Information on individual educational components (ECTS-Course descriptions) per semester

  
Degree programme:Bachelor Social Work Fulltime
Type of degree:FH Bachelor´s Degree Programme
 Full-time
 Summer Semester 2020
  

Course unit titleSocial Work as a Human Rights Profession
Course unit code04854151
Language of instructionEnglish
Type of course unit (compulsory, optional)Compulsory
Semester when the course unit is deliveredSummer Semester 2020
Teaching hours per week2
Year of study2020
Level of course unit (e.g. first, second or third cycle)First Cycle (Bachelor)
Number of ECTS credits allocated5
Name of lecturer(s)Sharon DU PLESSIS-SCHNEIDER
Graca Maria ROLIN ANDRÉ QUEIRÓS
Hans WALZ


Prerequisites and co-requisites

Prerequisites for Incomings: Basic knowledge in working with people in social work and/or related disciplines.

Course content
  • Historical development of human rights
  • Human need as the universal baseline for human rights entitlements and protections
  • How do we infuse human rights into social work? Explore the linkage between human rights and social work 
  • Country based case studies of human rights violations through a social work lens 
  • Examine the role of social workers as agents of change for the promotion of human rights locally and globally
  • Developing human rights-based social work course of action
Learning outcomes

Students:

  • deepen their understanding of international human rights documents and instruments and critically reflect on human right protections.
  • evaluate human rights concerns from a critical perspective. 
  • identify the basic legal and strategic frameworks of the United Nations and its agencies.
  • apply human rights in case studies and comprehend the implications for social work.
  • reflect on social work as a human rights profession as defined by the International Federation of Social Workers (IFSW).
  • recognise the applicability of social work concepts to broader human rights topic.
  • evaluate human rights concerns from a critical social work science perspective.
Planned learning activities and teaching methods

Small group discussions, forum, workshop, experiential exercises, debates and self-organized learning.

Assessment methods and criteria

Shadow report (either as a group project or independently): A shadow report is a tool for NGOs and other groups supporting human rights. By submitting a shadow report to a UN treaty body committee, issues not raised by governments, or in cases where the government may be misleading the committee from the real situation, are exposed. Your task is to write a shadow report concerning one of the nine International Human Rights Instruments. Further details will be discussed in class. 

Comment

Not applicable.

Recommended or required reading

Galtung, John (1994). Human Rights in Another Key, 1 edition, Cambridge: Polity Press.

Gil. David G. (2012). Confronting social injustice and oppression: Concepts and strategies for social workers. NY: Columbia University Press.

Healy, Lynne (2008). Exploring the History of Social Work as a Human Rights Profession, International Social Work 51.6: pp. 735-48.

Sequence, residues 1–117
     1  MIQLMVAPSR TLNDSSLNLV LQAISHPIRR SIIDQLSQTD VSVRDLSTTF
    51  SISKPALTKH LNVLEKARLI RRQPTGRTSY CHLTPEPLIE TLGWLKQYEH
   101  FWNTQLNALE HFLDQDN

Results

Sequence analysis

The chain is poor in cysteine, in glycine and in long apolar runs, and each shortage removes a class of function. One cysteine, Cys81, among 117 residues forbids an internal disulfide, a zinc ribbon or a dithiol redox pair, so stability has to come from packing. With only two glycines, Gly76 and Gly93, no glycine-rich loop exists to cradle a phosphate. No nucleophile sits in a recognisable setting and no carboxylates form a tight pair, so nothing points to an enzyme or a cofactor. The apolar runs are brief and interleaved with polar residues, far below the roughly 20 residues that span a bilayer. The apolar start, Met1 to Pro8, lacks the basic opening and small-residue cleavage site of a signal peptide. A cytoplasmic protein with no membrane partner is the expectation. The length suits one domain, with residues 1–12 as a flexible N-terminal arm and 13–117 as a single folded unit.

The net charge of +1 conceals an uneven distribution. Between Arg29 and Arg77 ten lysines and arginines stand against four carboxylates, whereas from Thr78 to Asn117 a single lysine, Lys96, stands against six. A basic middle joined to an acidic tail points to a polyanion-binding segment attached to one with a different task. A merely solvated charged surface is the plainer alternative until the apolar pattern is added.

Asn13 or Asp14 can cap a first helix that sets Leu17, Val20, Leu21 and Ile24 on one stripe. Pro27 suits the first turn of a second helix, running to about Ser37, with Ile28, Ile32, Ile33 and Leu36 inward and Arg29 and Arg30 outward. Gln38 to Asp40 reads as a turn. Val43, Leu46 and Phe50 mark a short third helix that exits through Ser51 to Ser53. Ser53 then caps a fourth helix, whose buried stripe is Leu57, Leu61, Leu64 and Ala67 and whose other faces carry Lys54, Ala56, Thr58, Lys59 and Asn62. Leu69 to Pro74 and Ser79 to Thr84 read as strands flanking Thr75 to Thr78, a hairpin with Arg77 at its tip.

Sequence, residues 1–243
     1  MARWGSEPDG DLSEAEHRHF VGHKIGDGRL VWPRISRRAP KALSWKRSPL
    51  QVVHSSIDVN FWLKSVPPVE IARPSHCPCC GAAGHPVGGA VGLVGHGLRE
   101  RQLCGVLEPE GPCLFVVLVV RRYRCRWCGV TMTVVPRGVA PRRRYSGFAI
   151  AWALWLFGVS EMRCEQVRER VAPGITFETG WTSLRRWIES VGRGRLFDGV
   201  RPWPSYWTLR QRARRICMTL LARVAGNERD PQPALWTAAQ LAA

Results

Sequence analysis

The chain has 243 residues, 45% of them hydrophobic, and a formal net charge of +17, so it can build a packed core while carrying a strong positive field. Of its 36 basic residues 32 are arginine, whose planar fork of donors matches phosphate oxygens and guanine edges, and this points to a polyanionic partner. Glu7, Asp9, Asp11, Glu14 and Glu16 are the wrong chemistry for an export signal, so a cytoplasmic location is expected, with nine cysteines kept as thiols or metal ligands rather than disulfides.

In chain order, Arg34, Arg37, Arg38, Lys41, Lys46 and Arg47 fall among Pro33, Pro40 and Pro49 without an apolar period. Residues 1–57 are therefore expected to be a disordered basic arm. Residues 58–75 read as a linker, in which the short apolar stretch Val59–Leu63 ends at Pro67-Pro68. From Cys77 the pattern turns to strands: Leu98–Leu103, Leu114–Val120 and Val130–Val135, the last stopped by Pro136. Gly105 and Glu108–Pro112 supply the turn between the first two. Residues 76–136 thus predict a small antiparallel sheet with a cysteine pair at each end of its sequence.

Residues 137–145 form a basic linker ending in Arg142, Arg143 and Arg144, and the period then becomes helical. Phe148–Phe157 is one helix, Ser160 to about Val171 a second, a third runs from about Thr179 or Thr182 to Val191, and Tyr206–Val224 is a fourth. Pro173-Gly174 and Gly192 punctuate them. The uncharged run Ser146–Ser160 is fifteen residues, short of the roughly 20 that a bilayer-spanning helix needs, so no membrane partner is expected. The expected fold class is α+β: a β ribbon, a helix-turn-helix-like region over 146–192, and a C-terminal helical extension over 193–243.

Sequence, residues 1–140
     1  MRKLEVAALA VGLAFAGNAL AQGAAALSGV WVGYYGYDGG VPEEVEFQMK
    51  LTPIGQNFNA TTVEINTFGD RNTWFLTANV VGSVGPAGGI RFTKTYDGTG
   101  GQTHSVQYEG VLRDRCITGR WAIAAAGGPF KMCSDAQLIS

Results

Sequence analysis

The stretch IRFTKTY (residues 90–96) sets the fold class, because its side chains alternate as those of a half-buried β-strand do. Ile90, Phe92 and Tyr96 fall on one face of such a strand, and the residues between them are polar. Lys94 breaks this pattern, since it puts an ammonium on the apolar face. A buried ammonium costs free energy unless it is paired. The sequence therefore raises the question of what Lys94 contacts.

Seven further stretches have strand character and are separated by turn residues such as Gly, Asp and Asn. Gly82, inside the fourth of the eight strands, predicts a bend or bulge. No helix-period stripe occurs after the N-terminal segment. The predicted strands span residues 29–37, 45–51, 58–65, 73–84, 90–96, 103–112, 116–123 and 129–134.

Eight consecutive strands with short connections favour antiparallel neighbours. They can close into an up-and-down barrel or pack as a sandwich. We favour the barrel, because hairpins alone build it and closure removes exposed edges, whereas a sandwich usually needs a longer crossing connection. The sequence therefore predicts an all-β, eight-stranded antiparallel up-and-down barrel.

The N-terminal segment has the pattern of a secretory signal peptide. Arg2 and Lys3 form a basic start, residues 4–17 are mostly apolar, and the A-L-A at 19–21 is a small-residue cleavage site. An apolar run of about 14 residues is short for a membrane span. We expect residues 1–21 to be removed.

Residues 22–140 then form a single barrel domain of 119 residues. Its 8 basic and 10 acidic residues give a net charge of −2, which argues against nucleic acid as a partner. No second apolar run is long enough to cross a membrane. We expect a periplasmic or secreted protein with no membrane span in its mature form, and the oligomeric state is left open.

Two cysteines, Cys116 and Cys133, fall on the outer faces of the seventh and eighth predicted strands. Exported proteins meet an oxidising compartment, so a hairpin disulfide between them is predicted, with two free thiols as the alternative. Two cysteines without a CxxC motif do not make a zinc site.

Hemphill, Sheryl and Schneider, Sharon (2013). Excluding Students from School: A Re-examination from a Children’s Rights Perspective. The International Journal of Children s Rights 21(1):pp. 88-96.

Ife, Jim (2008). Human Rights and Social Work, Cambridge University Press; Revised edition. International Federation of Social Workers (2002). Social Work and the Rights of the Child, Training Manual, Switzerland.

Korczak, Janusz (1992). When I Am Little Again and The Childs Right to Respect University Press of America. Shewell, Hugh (2010). Social Rights are Human Rights: Furthering the Democratic Project, In Jane Pulkingham, Human welfare, rights and social activism, University of Toronto Press: pp. 114-135.

Margalit, Avishai (1996). The Decent Society. Cambridge, Mass.: Harvard University Press.

Schneider, Sharon (2013). Transcultural School Social Work, A Case Study of Children’s Rights in Practice, In. Koegeler-Abdi, M., and Parncutt, R. Interculturality, Practice meets Research, United Kingdom: Cambridge Scholars Publishing, pp. 50-68. 

Staub-Bernasconi, Silvia (2007). Economic and Social Rights: The Neglected Human Rights. In: Reichert, Elisabeth. (Ed.), Challenge in Human Rights, New York: Columbia University Press, pp. 138-161.

United Nations (1948). Universal Declaration of Human Rights. Retrieved from http://www.un.org/en/universal-declaration-human-rights/.

United Nations (2015). The core international human rights Instruments and their monitoring bodies. Retrieved from http://www.ohchr.org/EN/ProfessionalInterest/Pages/CoreInstruments.aspx.

United Nations (2015). List of human rights issues. Retrieved from http://www.ohchr.org/EN/Issues/Pages/ListofIssues.aspx.

Warks, Julie (2013). The Human Rights Manifesto, Winchester & Washington: Zero Books.

Wronka, Joseph (2008). Human rights and social justice: Social action and service for the helping and health professions. Newbury Park, CA: Sage.

 

Mode of delivery (face-to-face, distance learning)

Classroom lectures, self-organised learning and participation in a workshop at the Forum FH "Social Work and Human Rights". An event organised for this course at the FH. 

Opportunities to identify and exchange good practices with local and international human rights experts at the forum.

Summer Semester 2020go Top